The salmonella outbreak in Kinder products continues to spread and we try to understand how chocolate may have been contaminated by the dangerous bacterium. The German Bfr summarizes everything there is to know about the cases of salmonellosis related to chocolate that have occurred - albeit rarely - in recent years
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The European Food Safety Authority Efsa) and the European Center for Disease Prevention and Control (Ecdc) are currently investigating the salmonellosis outbreak related to some Kinder products, sold in several European countries.
As EFSA has made known, among other things, the intention is to extend the investigation to other establishments (besides the one in Arlon in Belgium from where the contamination started). Read also: Kinder and salmonella: are other establishments really safe? EFSA launches an investigation
But why is chocolate also at risk of being contaminated with salmonella? To intervene on the issue is theFederal Institute for Risk Assessment (BfR) which has collected a variety of information on salmonella cases in chocolate.
First of all, the German Institute recalls that Salmonella, after Campylobacter germs, is the most common bacterial cause of intestinal diseases in Germany. This can be hidden in different foods:
High-risk foods are in particular raw or undercooked meat and derived products, untreated eggs and egg products and plant foods. However, fatty foods like chocolate, which are contaminated with salmonella, can also trigger an infection.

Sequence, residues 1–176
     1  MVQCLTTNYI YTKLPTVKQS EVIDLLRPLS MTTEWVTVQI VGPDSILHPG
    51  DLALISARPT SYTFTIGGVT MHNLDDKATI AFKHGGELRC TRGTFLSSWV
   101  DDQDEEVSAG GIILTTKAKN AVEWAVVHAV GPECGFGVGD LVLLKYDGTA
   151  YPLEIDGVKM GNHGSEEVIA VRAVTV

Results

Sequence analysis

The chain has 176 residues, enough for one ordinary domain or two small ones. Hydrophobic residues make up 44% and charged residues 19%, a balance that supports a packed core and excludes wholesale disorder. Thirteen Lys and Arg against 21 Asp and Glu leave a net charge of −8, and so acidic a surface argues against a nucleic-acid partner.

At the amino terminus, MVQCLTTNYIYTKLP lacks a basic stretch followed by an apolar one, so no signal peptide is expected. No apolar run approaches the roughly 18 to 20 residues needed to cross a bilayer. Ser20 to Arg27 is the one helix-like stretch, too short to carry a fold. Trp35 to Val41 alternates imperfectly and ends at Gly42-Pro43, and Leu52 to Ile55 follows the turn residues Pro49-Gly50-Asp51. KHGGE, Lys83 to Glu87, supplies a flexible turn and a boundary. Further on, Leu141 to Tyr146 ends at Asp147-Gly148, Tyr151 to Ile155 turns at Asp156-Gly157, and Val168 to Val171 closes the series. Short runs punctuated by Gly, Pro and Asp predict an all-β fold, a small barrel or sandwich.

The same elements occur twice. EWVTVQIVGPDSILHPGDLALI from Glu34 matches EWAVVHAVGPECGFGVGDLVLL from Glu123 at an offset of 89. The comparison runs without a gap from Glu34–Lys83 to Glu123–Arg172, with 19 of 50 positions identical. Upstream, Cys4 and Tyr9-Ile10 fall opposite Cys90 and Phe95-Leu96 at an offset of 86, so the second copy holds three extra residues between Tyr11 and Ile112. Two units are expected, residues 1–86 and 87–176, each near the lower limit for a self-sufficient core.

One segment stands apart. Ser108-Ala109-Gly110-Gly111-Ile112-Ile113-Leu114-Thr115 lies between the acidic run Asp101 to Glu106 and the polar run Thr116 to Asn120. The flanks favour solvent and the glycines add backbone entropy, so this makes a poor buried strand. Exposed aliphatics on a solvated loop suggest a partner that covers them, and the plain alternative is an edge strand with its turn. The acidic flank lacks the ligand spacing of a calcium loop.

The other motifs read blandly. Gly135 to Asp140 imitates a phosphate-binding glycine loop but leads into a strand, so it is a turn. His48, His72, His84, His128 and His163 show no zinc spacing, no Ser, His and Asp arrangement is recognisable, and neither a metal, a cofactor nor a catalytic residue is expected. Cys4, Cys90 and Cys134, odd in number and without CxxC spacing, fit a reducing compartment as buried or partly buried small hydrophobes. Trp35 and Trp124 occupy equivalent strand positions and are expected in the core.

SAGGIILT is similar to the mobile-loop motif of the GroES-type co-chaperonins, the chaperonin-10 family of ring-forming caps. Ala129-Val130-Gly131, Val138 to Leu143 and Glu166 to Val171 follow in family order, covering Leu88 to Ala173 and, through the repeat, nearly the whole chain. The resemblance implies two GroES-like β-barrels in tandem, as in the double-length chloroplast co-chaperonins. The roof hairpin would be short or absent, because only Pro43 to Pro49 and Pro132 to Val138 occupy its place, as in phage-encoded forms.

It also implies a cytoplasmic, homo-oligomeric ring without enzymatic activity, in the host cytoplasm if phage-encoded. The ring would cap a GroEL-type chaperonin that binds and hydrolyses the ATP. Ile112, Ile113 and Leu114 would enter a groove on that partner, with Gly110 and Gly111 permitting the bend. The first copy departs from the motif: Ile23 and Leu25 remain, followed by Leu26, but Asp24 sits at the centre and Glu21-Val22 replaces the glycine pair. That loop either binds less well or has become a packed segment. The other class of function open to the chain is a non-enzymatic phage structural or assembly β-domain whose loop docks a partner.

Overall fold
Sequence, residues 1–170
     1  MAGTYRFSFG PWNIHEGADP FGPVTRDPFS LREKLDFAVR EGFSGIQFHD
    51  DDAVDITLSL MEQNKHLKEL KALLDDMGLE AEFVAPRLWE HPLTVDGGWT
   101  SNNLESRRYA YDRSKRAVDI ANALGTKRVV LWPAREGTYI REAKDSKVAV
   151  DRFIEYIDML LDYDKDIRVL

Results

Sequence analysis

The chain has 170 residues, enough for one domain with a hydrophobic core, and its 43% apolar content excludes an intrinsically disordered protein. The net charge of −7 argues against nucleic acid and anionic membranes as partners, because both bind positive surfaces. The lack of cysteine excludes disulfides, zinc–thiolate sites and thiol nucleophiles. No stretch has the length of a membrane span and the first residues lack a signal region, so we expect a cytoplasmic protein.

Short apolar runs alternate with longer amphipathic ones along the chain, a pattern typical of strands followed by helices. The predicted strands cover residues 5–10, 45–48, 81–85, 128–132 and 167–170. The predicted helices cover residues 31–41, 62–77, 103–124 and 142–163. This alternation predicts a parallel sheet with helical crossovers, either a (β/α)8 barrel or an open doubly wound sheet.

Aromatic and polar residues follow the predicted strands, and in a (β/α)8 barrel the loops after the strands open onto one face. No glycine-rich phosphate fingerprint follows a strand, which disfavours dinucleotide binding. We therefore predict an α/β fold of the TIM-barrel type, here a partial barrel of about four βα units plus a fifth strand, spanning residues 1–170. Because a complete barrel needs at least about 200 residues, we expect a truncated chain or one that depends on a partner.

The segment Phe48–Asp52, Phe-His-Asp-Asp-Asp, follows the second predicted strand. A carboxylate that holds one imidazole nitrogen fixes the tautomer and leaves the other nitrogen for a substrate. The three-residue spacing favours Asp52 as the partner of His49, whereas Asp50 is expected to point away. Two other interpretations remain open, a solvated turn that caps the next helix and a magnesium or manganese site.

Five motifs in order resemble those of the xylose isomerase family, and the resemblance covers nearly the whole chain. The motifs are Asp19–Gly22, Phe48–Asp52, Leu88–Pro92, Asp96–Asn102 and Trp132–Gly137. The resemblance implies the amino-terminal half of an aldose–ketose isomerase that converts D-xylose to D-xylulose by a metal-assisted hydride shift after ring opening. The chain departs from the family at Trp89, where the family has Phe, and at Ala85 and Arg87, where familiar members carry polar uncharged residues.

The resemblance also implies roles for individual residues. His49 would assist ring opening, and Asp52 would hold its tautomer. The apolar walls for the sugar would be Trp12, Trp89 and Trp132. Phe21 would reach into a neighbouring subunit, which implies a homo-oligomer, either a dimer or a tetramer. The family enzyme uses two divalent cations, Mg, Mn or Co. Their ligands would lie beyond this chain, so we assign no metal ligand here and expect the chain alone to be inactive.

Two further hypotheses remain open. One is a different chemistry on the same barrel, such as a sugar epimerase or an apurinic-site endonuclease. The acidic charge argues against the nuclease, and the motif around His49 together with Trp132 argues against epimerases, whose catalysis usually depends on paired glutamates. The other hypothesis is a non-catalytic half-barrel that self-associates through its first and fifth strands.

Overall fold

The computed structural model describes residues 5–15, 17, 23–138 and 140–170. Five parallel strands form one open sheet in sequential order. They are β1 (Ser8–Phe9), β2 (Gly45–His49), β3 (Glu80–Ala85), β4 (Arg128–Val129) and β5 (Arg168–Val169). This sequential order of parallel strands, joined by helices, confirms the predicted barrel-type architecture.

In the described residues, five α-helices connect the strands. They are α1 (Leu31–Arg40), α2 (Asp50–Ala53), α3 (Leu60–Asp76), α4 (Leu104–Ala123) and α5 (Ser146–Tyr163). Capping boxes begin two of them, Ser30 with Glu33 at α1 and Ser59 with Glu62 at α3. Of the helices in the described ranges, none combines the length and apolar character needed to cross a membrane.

With regard to chocolate, it is specified that:
With chocolate, even small amounts of germs can be enough to cause illness.
This happens, explain the German experts, in that salmonellae remain in the chocolate for a long time protected from fats which contains this food. Once the contaminated chocolate has been consumed, the bacteria arrive in the stomach (characterized by an acidic environment) passing unscathed to the intestine where, still alive, they trigger the infection.
But this is a rare event, there are very few cases in which salmonella has been detected in chocolate.
The Bfr recalls that, from 2012 to 2019, the competent authorities of the German federal states examined about 2500 samples of products containing chocolate, to see if they were contaminated with salmonella. The results showed that the bacterium was not detectable in any of the products.
To find the few salmonella outbreaks that started with chocolate-based products, you need to refer to scientific publications. As for Germany, the last contamination in chocolate occurred in 2001, caused by Salmonella Oranienburg.
The characteristics of salmonella in chocolate
The problem with chocolate seems to be in particular that even a very low charge can trigger the disease:
Depending on the age and state of health of those affected, the minimum infectious dose of Salmonella can be 10.000 - 1.000.000. With chocolate, however, even a low bacterial count is sufficient to trigger the disease.
And there is another important factor:
Salmonella can survive in chocolate for several years. Due to the low water content of chocolate and the protective effect of fat, it has a high heat resistance.
There are nearly 2700 different Salmonella serotypes, some are more common in chocolate than others. Among these there is Salmonella typhimurium, the one that contaminated the Kinder from the Belgian factory of Ferrero.
But at what point in production could the contamination have occurred? In a previous article we asked a food technologist to formulate some hypotheses. Read also: Salmonella in the Kinder plant already in December, but how was this possible? The hypotheses of the food technologist
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